ECB’s Draghi Ponders Acting Now or Later: Global Economy Week
(Bloomberg) -- European Central Bank President Mario Draghi takes center stage this week as investors seek to discover how soon he will act to prop up the ailing euro-area economy.
While Draghi has signaled action is imminent, he has left open the urgency with which policy makers will tackle the current mix of slowing growth and lackluster inflation.
As they meet on Thursday, the choice is to cut interest rates and possibly reactivate bond-buying as soon as then or signal they will start stimulating in September, when there will be more forecasts of the economy.
Economists surveyed by Bloomberg reckon Draghi will show patience and expect the ECB’s deposit rate to be reduced by 10 basis points to a record-low minus 0.5% in September. More than half also see the ECB restarting net asset purchases.
“We expect Mario Draghi to begin setting the stage for his final act at this month’s ECB meeting,” said David Powell, an economist at Bloomberg Economics. “But we’ll probably have to wait until September for the real drama.”
Central bankers the world over are easing monetary policy and the International Monetary Fund will likely justify such shifts when it updates its forecasts for the global economy on Tuesday. In April it forecast growth of 3.3% this year, the weakest since 2009.
Here’s our weekly rundown of other key economic events:
Europe, Middle East and Africa
Draghi will have fresh insight into the economy with consumer confidence data due for release on Tuesday and set to remain disappointing. The next day, an early purchasing manager index for manufacturing is set to remain in contraction territory, although the accompany data for services should show continued expansion. Then on the morning of the ECB decision, the Germany’s Ifo index of business sentiment is predicted to stick close to its lowest level since late 2014.
Elsewhere, Hungary’s central bank is set to stand pat on Tuesday, but Turkey is expected to cut rates on Thursday. Bloomberg Economics predicts a slashing of 300 basis points and warns that could send the lira sliding. One economist surveyed by Bloomberg even forecasts an 800 basis point reduction. Russia may follow up Friday with a 25 basis point reduction in its benchmark. In Africa, Kenya and Nigeria are seen holding for now on rising inflation. Angola has been easing since last July and may do so again on Friday, as it seeks to boost growth after a contraction last year.
Turkish Central Bank Dashboard
In the U.K., the focus will be on Boris Johnson’s likely rise to prime minister. He’s set to appoint a new chancellor of the exchequer and may easy fiscal policy in the coming months.
For more, read Bloomberg Economics’ full Week Ahead for the EMEA
Federal Reserve officials are staying silent ahead of their July 31 meeting, but that won’t stop investors and economists from debating whether they will cut interest rates by 25 basis points or 50 basis points when they gather. Home sector data and Thursday’s durable goods numbers may give the officials something to chew on as will Friday’s first attempt by the government to assess how the economy performed in the second quarter. Economists polled by Bloomberg are betting gross domestic product grew 1.8%.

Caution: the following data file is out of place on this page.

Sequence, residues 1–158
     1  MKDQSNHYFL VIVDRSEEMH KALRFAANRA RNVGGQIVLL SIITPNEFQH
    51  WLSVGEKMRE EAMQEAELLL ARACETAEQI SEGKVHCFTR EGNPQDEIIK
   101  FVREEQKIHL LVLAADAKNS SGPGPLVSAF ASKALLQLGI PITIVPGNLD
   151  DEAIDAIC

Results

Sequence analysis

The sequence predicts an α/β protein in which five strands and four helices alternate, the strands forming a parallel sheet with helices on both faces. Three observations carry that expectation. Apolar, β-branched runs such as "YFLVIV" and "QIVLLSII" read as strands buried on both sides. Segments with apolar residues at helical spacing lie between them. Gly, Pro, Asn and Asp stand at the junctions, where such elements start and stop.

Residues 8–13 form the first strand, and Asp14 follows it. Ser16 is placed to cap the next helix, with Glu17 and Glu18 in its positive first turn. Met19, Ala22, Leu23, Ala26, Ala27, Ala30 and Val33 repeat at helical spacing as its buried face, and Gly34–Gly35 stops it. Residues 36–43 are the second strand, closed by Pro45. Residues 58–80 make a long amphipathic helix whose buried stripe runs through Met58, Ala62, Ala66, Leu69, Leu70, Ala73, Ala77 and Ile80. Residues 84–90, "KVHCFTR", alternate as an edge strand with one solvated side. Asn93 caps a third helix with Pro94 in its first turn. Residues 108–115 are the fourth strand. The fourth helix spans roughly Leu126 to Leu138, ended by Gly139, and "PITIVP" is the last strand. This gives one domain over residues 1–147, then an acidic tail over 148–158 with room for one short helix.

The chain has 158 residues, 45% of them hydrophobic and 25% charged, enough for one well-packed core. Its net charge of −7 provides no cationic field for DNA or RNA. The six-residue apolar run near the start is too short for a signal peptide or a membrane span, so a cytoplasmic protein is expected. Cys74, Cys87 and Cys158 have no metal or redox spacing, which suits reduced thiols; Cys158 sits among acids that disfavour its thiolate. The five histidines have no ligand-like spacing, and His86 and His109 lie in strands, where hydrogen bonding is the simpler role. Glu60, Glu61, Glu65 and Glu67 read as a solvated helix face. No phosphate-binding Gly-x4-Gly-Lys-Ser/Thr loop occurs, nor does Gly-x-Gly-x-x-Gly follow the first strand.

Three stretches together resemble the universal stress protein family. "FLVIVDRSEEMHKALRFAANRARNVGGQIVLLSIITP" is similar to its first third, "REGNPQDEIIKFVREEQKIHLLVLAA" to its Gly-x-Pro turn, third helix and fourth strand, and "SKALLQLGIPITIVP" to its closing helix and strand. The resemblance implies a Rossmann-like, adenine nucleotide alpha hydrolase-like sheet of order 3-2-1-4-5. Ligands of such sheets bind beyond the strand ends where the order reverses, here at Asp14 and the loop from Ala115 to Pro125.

For more, read Bloomberg Economics’ full Week Ahead for the U.S.
South Korea’s early trade data for July will allow investors to assess the deteriorating outlook for global trade amid the skirmish between the U.S. and China. Further information on that will come Thursday when the nation releases its gross domestic product data for the second quarter after a contraction in the previous three months.
South Korea GDP by Component
Bank of Japan Governor Haruhiko Kuroda speaks in Washington on Monday as many wonder if he has further ammunition to fire at the weak Japanese economy. That comes ahead of Tuesday’s posting of machine tool orders numbers and Friday’s release of early July inflation data for Tokyo. Bloomberg Economics reckons inflation statistics from Singapore and Malaysia will be relatively benign.
For more, read Bloomberg Economics’ full Week Ahead for Asia
Inflation is expected to slow and open up room for interest rate cuts in Latin America’s two largest economies, according to mid-June data due this week. On Tuesday, Brazil’s consumer price index will probably show an increase at an annual pace of 3.28%, according to Bloomberg Economics, way below the 4.25% target. A cut to the Brazilian benchmark rate could come as early as this month, economists say.
Mexico Bi-Weekly Consumer Price Inflation
On Wednesday, Mexico’s bi-weekly CPI is forecast to slow to 3.82%, within the 2%-4% target, supporting the outlook for lower borrowing costs this year. Elsewhere in the region, Argentina’s May economic activity data due on Thursday may provide signs that its economy is emerging from recession.
For more, read Bloomberg Economics’ full Week Ahead for Latin America
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